I drag the kitchen chair out, all the way out
                   to the exact middle of the field, new-mown.
And place myself there, primly.  I sit
           back taunt, and tight, and straight.  I do not
      beneath this wincingly blue October sky.

I am first chair among wind instruments, and
we are the symphony:   this openness, the trees round the rim
                                                  and I.

today we are performing expanse and hunger
             in a minor key.

I sit at the hub of the whirl — while
   all about me great patches of sound begin to tearout from here.
They arch and plummet like fierce storms upon the
      sun, and the air
      is pocked
by this full wall, falling.

The trees huddle and recoil from one another
      like whores on a streetcorner.   They are jarred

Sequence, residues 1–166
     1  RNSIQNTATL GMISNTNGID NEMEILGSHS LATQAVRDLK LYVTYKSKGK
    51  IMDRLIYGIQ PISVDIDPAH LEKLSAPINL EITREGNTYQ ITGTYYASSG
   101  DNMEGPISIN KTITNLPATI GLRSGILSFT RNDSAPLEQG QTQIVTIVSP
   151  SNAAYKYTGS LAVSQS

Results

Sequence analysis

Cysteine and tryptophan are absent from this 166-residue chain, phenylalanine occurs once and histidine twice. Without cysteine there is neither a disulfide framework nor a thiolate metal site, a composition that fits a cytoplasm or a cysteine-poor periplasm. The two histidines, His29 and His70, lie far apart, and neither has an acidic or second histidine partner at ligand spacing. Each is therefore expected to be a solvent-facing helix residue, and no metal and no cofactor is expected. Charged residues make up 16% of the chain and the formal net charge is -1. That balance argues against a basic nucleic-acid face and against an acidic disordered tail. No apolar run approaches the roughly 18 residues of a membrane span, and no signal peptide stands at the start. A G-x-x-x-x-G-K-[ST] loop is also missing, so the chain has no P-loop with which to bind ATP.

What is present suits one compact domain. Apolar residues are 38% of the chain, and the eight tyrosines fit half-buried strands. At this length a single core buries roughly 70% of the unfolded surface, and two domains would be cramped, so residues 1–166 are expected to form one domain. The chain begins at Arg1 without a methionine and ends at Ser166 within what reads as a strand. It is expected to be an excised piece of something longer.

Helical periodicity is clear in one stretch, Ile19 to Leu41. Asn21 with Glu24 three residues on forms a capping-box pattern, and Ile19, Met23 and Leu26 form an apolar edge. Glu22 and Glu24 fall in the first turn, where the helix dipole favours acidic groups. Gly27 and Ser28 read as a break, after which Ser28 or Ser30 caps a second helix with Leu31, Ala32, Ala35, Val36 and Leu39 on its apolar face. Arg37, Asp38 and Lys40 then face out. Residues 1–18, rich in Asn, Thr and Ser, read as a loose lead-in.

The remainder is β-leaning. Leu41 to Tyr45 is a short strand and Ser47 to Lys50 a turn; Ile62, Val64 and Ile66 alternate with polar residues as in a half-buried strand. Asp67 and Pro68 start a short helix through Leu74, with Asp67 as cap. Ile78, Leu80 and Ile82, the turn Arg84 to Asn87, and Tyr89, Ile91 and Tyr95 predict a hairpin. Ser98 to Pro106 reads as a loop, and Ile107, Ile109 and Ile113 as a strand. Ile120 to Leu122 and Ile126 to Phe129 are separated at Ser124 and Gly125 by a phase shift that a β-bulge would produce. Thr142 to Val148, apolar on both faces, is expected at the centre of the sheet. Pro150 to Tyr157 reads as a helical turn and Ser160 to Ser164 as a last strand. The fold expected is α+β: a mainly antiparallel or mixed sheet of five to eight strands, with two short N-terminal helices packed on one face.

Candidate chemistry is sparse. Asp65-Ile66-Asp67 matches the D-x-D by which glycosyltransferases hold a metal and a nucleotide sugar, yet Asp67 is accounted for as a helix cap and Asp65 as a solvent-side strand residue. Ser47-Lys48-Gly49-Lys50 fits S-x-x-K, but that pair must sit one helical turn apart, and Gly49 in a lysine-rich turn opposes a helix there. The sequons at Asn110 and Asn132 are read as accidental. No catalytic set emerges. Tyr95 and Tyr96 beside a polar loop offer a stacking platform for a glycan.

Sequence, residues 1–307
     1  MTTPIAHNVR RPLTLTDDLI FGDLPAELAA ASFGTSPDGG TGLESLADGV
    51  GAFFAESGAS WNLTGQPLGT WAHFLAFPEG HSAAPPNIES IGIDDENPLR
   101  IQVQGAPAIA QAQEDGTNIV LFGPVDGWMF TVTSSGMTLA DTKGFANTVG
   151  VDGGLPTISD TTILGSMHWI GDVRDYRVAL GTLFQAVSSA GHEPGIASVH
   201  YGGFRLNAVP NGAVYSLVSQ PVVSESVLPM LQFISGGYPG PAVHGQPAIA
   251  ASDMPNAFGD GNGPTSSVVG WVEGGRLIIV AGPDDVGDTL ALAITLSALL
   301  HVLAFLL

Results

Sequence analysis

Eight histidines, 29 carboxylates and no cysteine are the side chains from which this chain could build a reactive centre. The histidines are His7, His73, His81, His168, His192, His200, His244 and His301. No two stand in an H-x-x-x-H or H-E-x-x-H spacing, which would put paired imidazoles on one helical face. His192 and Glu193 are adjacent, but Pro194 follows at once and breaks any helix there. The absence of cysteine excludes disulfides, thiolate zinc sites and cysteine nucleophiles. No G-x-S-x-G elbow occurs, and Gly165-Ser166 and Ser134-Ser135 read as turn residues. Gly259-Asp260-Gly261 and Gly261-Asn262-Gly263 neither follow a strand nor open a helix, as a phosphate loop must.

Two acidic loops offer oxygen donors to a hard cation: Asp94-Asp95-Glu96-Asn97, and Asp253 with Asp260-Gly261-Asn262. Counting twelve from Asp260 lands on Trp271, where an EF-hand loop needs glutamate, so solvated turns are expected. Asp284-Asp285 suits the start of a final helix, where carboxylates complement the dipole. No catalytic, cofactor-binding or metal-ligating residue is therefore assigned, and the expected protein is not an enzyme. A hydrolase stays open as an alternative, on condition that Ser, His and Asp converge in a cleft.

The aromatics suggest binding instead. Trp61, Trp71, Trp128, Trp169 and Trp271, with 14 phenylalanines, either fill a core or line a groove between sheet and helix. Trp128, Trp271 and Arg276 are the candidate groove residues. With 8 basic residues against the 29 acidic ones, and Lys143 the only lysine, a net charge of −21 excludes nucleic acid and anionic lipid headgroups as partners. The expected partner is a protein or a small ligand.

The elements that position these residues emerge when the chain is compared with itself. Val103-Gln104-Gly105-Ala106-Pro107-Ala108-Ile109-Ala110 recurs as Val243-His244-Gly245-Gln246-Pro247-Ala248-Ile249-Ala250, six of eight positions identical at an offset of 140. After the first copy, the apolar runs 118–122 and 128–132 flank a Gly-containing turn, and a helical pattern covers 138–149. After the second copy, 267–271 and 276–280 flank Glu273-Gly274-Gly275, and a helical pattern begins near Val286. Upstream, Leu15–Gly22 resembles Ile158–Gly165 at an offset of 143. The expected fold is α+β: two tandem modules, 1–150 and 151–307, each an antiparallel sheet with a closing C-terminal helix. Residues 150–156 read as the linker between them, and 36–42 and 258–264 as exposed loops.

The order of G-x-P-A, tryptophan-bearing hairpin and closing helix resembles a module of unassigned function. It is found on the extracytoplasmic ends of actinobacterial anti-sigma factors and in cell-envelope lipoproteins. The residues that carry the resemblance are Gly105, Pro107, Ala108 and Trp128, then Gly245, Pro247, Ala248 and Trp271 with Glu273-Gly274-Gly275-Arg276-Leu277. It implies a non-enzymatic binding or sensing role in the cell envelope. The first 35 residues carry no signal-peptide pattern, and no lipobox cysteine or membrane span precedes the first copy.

every instant by the clanging cold. They clack and moan
                   in reedy tones.   Voices rust away into the wind.
My fingers howl like hounds running blind,
      nosing the wind — tracking the grass which uncoils mockingly
      into a hiss behind the wind.

A fly unzips the blue noise of the sky,
      that great tipped ocean hanging over us — a thawing yowl­ —
      a god’s great wound of wandering miseries and visions.
The sinuous emptiness drains down
      to the wood
and the forest, stained
   whispers and shakes
      like a disciple
             in a dream.
And it comes to trill the red wire in my bone.
Then pares itself away, punctually, like a soldier,
                                                                                like the moon.

Five rooks rise in a black, ragged shout
     and run upon the sky like a flag.
A hawk scream shutters the sky, then turns its back and flaps
    away.   There is something familiar in its claws.
It leaves the land so homeless.
And, off its haunches, from the far shore of paleness,
winter comes cracking its old bones across the sky.